Located on the edge of Sandyford Business District in South Dublin, The Beacon has a rather unprepossessing appearance from the outside but once you enter through the doors, you feel like you have been transported to a different world.
The sumptuous décor makes good use of ambient lighting and reflective surfaces to create a feeling of spaciousness and the look is incredibly appealing. Gauzy floor-to-ceiling curtains divide the reception and bar areas into distinct sections without sacrificing the feeling of space. The overall feeling is one of welcoming comfort.
Thai food has become increasingly popular in recent years, probably as a result of increased travel abroad and a desire to try out new cuisines. The best Thai food manages to balance sweet, sour, hot and salty flavours perfectly so that none dominates but all work in harmony together. This can be hard to achieve and requires a deft hand and a true understanding of the ingredients involved. As a huge fan of the flavours of Thai food, I was keen to visit My Thai Restaurant in The Beacon as I had heard some very good reports about the food there.
I had arranged to meet Eric, a friend who lived in Thailand for a few years and knows the food of the country well. While we waited for our table to be ready we decided to have a pre-dinner drink at The Beacon’s Crystal Bar. The beautiful and dramatic looking bar specialises in cocktails and as I have always thought that they pair particularly well with Thai food, we both decided to partake. Unsure about what to order and keen to try something new, we asked our bartender, a very talented mixologist, for a recommendation and we were delighted with the Sandy Sling that she made for us. Containing Opihr Spiced Gin, Crème de Mure – a blackberry flavoured liqueur, fresh lime juice and mint, this was a heady cocktail that was not too sweet.
|Duck Spring Rolls|
Once seated at our table within a large, comfortable booth, we examined the menu. Divided into easy to navigate sections it included many familiar dishes but also a nice selection of more unusual offerings, including some street food options.
Satay dishes are ubiquitous in Asian restaurants but it is hard to make them memorable. It is important that the meat is marinated for as long as possible before being threaded onto bamboo sticks prior to being grilled. Here the Chicken Satay (€8.00) included tender strips of perfectly cooked chicken were presented in a spicy, aromatic sauce which had lots of texture. All too often, satay sauces are over-processed and more like a gloopy purée, but this one was lovely with enough heat to set the taste buds tingling. I especially loved the inclusion of turmeric which imparted an underlying earthiness to the flavour of the sauce.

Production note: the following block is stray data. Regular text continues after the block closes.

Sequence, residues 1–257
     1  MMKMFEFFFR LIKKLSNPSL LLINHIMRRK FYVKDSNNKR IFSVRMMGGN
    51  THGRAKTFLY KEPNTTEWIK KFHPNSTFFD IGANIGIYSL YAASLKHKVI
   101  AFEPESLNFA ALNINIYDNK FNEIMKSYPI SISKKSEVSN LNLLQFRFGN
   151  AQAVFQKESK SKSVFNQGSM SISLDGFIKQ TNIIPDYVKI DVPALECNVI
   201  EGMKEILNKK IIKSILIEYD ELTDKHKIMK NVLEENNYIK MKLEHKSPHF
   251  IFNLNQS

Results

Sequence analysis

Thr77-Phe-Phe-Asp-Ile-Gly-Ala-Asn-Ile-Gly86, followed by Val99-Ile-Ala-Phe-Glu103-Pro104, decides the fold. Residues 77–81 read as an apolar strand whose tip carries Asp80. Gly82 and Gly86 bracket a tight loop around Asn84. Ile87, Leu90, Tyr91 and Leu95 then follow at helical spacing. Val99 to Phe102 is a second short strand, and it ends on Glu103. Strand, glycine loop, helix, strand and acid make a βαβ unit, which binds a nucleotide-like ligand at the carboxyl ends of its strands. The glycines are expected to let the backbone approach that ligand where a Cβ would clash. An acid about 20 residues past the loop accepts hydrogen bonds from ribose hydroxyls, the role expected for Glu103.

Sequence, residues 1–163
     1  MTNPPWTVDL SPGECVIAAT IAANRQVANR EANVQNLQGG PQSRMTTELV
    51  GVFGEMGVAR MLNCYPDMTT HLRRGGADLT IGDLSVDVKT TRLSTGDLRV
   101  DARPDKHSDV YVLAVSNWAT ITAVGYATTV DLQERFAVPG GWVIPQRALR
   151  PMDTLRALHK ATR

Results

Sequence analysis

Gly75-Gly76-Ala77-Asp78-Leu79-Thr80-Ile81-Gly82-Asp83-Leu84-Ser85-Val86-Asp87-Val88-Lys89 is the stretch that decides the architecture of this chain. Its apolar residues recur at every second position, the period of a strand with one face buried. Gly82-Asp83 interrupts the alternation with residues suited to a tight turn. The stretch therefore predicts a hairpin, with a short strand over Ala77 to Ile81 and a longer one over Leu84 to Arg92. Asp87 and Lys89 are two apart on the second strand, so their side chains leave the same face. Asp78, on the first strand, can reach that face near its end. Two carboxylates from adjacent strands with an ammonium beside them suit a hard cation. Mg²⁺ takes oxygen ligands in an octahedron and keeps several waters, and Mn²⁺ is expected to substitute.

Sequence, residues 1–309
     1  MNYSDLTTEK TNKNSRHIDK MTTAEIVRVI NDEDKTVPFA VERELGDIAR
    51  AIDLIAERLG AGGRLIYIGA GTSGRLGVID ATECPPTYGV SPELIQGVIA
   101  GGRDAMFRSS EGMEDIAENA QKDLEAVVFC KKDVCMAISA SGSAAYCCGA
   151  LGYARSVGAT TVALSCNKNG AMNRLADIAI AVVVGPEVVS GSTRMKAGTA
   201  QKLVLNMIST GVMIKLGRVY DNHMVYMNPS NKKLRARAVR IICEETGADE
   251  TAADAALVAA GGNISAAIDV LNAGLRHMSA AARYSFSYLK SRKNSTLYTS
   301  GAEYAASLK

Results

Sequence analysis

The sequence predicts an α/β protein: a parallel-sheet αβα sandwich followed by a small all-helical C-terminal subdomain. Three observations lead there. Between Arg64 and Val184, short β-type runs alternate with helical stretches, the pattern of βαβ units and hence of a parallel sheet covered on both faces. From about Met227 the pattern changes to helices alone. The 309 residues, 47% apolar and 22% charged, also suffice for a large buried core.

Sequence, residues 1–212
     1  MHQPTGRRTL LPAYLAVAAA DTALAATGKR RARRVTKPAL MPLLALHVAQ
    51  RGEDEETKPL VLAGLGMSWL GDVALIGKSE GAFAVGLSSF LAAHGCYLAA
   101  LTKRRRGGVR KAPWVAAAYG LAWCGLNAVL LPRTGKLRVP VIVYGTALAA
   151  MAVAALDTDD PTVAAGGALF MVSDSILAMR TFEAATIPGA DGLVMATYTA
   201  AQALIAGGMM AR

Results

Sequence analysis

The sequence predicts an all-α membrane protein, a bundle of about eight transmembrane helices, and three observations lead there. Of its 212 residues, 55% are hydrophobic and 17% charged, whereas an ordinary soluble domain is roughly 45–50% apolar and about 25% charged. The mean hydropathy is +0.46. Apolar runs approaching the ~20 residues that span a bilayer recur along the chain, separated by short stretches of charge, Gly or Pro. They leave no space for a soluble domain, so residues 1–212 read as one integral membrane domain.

|Tom Yaam Soup|
Eric’s Duck Spring Rolls (€7.00) were equally good and included generous chunks of duck meat. Served with a plum sauce, the spring rolls were extremely well made and wonderfully crispy. There really is nothing more disappointing than a flaccid and greasy spring roll but these were perfect.
We had decided to order a Thai Warm Beef Salad (€9.00) and a bowl of Tom Yaam Soup with Chicken (€8.00) to share between us before our main courses arrived. Whilst both these dishes looked innocent enough, they each had a spicy heat that developed as you ate them. I particularly liked the salad which due to the inclusion of fragrant lemongrass and sharp lemon juice had a refreshing effect on the palate. Similarly, the soup was light to eat, but was packed full of flavours that sat together in a coherent fashion. Both dishes danced on the palate.
It is said that you can tell how good a Thai restaurant is by the quality of the Pad Thai it serves, so it was inevitable that I was going to choose it for my main course in My Thai. From my first taste, I knew that this version was first-rate. The noodles had been flawlessly cooked so that they didn’t clump together and still retained some ‘bite’ and both the chicken and prawns that were used were juicy to eat. Due to the inclusion of the sweet palm sugar, sour tamarind and hot chillies, Pad Thai is a dish that is all about the careful balancing of different flavours and this was accomplished here. The Pad Thai was garnished with chopped roasted peanuts, fresh coriander and beansprouts which added freshness and textural contrast.
|Daging Masak Mareh|
For his main course, Eric decided on the Daging Masak Mareh (€20) which he chose from the Street Food Section of the menu. Here diced beef had been slowly cooked in a sauce made from tomato paste, chilli, ginger and spring onion to create a multifaceted dish that was delicious. Another fabulous dish, I loved the way the aromatic heat of the ginger gave way to the spiciness of the chilli. Served with boiled rice, this was so comforting yet interesting to eat and I would highly recommend it.
Although our appetites were well satisfied at this stage, we decided to share a dessert and thoroughly enjoyed the Beacon Key Lime Pie (€7.00). Although not made on the premises, this was a delicious dessert and a lovely end to our meal.
To accompany our meal we drank a bottle of Eco Pinot Noir Organic from Chile (€33) which was light enough to enjoy with spicy food but with its nose of dark cherry fruits was a good pairing with the spices of the food.
|Key Lime Pie|
My meal was delicious and I think that Chef San and the team at The Beacon are serving quality Thai food in the My Thai Restaurant. A real effort has been made to replicate the authentic flavours of Thai food and this is to be applauded. The menu contains all the familiar dishes that you would expect to see but there are also some pleasant surprises along the way. Service on the night we dined was exemplary and made our meal all the more enjoyable.
My Thai Restaurant
Sandyford Business District
This Review first appeared in TheTaste.ie